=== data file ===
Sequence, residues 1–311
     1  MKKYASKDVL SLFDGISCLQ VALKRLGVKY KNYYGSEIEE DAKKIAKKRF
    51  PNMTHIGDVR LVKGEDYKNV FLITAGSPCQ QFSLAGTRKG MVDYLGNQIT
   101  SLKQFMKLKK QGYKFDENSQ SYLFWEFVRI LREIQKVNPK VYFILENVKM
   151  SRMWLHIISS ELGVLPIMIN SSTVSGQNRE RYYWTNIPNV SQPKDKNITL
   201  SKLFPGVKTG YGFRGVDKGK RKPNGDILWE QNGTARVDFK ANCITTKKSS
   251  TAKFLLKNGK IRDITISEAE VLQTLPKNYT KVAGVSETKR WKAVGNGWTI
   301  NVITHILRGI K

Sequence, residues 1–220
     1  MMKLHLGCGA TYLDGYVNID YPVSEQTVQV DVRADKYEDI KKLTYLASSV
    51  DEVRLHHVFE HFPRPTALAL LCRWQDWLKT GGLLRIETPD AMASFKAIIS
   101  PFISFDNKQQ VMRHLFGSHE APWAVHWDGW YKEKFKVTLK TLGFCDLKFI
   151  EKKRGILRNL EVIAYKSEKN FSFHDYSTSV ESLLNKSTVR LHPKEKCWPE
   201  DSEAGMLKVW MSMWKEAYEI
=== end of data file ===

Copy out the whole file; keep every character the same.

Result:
Sequence, residues 1–311
     1  MKKYASKDVL SLFDGISCLQ VALKRLGVKY KNYYGSEIEE DAKKIAKKRF
    51  PNMTHIGDVR LVKGEDYKNV FLITAGSPCQ QFSLAGTRKG MVDYLGNQIT
   101  SLKQFMKLKK QGYKFDENSQ SYLFWEFVRI LREIQKVNPK VYFILENVKM
   151  SRMWLHIISS ELGVLPIMIN SSTVSGQNRE RYYWTNIPNV SQPKDKNITL
   201  SKLFPGVKTG YGFRGVDKGK RKPNGDILWE QNGTARVDFK ANCITTKKSS
   251  TAKFLLKNGK IRDITISEAE VLQTLPKNYT KVAGVSETKR WKAVGNGWTI
   301  NVITHILRGI K

Sequence, residues 1–220
     1  MMKLHLGCGA TYLDGYVNID YPVSEQTVQV DVRADKYEDI KKLTYLASSV
    51  DEVRLHHVFE HFPRPTALAL LCRWQDWLKT GGLLRIETPD AMASFKAIIS
   101  PFISFDNKQQ VMRHLFGSHE APWAVHWDGW YKEKFKVTLK TLGFCDLKFI
   151  EKKRGILRNL EVIAYKSEKN FSFHDYSTSV ESLLNKSTVR LHPKEKCWPE
   201  DSEAGMLKVW MSMWKEAYEI